Stepping Back in Time
On June 29, 1906, President Theodore Roosevelt established Mesa Verde National Park to "preserve the works of man," the first national park of its kind. Today, the continued preservation of both cultural and natural resources is the focus of the park's research and resource management staff.
Mesa Verde National Park (Spanish for green table) was established to preserve archaeological sites built by the Ancestral Puebloans who inhabited Mesa Verde for more than 700 years (550 A.D. to 1300 A.D.). Currently Mesa Verde has over 4,700 archaeological sites including 600 cliff dwellings and the mesa top sites of pithouses, pueblos, masonry towers, and farming structures, with many more yet to be revealed. These sites are some of the most notable and best-preserved dwellings in the United States. For the first six centuries, they primarily lived on the mesa tops. It was not until the final 75 to 100 years that they constructed and lived in the cliff dwellings for which Mesa Verde is best known.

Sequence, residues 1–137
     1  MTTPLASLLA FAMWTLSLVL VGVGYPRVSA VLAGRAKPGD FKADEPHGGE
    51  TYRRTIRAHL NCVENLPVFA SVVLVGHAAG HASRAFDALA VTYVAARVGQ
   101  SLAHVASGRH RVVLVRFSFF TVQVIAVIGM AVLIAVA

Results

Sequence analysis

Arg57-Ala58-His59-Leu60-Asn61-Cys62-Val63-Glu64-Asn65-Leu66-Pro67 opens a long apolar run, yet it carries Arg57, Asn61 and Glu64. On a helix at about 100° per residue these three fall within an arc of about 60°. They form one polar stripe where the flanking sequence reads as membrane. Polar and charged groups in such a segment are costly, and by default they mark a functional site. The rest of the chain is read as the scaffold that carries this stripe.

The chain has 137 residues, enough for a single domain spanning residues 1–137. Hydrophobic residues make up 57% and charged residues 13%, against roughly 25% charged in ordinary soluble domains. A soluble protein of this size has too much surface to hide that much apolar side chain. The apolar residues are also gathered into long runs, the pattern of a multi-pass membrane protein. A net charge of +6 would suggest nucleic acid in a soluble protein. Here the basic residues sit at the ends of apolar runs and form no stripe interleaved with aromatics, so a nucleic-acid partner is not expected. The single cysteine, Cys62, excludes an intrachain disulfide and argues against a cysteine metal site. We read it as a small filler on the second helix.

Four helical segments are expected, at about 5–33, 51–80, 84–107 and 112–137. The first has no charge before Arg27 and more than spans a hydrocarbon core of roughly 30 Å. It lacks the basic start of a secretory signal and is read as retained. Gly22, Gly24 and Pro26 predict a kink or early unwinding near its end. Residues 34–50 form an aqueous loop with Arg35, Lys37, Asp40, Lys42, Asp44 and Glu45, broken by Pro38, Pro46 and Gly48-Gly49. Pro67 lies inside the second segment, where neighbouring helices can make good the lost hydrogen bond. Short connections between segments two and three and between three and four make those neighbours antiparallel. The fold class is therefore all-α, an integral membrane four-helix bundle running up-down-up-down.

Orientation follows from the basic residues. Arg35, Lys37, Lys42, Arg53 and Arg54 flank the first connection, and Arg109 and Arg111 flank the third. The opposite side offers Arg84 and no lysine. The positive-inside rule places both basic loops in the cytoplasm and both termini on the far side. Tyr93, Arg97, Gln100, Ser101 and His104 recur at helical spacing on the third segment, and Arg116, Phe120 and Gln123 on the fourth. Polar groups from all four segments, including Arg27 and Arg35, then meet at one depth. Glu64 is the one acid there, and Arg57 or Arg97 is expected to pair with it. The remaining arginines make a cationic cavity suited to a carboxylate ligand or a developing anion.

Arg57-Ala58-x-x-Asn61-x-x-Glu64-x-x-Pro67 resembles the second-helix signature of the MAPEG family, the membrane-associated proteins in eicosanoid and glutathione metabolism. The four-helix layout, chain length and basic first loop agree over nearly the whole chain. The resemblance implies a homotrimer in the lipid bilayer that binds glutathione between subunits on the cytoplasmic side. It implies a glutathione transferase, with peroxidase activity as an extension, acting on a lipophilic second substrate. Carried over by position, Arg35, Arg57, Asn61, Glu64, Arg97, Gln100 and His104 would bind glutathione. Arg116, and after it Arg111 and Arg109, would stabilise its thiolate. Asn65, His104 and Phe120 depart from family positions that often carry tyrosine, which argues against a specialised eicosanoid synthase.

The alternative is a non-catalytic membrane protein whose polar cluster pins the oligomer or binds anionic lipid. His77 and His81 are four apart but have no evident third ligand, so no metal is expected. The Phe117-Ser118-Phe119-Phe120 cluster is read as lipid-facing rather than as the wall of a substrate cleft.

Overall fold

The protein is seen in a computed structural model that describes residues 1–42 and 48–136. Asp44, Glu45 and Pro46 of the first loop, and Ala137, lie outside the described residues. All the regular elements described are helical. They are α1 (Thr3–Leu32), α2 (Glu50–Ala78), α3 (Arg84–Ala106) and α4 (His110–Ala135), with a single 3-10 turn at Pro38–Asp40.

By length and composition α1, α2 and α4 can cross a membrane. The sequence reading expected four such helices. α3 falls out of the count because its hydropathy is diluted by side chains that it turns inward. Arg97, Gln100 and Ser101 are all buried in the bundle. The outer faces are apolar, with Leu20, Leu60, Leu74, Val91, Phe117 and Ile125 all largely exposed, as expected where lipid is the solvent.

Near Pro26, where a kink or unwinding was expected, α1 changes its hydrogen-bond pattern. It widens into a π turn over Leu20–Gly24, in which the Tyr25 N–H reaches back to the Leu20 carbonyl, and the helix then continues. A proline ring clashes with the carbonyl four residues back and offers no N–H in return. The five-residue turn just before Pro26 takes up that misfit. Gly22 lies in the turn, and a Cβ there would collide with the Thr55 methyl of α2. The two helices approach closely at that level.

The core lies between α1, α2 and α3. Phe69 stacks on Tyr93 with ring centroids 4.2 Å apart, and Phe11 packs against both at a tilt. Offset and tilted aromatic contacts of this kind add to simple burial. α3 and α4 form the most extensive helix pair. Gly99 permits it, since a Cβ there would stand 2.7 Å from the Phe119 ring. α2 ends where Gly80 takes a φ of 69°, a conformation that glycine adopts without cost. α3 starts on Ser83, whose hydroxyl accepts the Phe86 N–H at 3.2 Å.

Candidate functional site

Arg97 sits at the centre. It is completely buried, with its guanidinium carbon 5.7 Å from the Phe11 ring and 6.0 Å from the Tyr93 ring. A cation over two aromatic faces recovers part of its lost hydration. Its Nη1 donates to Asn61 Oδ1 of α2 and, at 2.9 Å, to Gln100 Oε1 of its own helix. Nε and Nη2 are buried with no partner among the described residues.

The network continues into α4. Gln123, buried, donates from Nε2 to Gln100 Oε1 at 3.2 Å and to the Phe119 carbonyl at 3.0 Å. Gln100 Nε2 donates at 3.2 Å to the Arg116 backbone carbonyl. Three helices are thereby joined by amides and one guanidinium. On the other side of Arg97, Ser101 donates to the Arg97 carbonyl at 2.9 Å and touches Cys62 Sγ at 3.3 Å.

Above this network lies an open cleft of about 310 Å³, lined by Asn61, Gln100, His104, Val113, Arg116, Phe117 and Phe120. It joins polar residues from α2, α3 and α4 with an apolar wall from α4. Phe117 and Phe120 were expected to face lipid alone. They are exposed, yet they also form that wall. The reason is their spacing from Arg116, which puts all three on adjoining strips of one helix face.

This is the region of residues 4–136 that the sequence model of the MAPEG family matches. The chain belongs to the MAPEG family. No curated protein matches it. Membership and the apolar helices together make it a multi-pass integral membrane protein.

Mesa Verde National Park offers a spectacular look into the lives of the Ancestral Puebloans, a group of people living in the Four Corners region who chose Mesa Verde for their home. For more than 700 years they and their descendants lived and flourished in this region, eventually building elaborate stone communities in the sheltered alcoves of the canyon walls. Then, in the late A.D. 1200s, in the span of a generation or two, they left their homes and moved away.
The cliff dwellings of Mesa Verde are some of the most notable and best-preserved ruins in the North American continent. Sometime during the late 1190s, after primarily living on the mesa top for 600 years, many Ancestral Puebloans began living in pueblos they built beneath the overhanging cliffs. The structures ranged in size from one-room storage units to villages of more than 150 rooms. While still farming the mesa tops, they continued to reside in the alcoves, repairing, remodeling, and constructing new rooms for nearly a century. By the late 1270s, the population began migrating south into present-day New Mexico and Arizona. By 1300, the Ancestral Puebloan occupation of Mesa Verde ended.
Discover the wonder and grandeur of this one-of-a-kind place for yourself, with a guided interpretive tour.
For your reading pleasure, please enjoy our Mesa Verde National Park History Synopsis, a graphical representation of the park timeline, and a list of the Mesa Verde 24 Associated Tribes.